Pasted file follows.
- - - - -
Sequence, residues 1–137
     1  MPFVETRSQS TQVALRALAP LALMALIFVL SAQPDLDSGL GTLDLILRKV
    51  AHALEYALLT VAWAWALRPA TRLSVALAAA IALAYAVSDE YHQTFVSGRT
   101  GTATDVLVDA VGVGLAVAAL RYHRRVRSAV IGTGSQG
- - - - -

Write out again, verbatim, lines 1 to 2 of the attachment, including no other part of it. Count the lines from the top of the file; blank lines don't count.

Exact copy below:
Sequence, residues 1–137
     1  MPFVETRSQS TQVALRALAP LALMALIFVL SAQPDLDSGL GTLDLILRKV